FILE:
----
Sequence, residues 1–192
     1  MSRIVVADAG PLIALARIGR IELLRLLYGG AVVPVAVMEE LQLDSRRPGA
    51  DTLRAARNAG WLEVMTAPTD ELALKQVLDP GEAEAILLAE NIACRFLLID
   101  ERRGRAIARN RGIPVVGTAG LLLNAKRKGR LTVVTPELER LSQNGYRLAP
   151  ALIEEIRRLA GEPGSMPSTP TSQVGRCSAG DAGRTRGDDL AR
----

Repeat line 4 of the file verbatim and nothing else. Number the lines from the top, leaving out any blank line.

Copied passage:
   101  ERRGRAIARN RGIPVVGTAG LLLNAKRKGR LTVVTPELER LSQNGYRLAP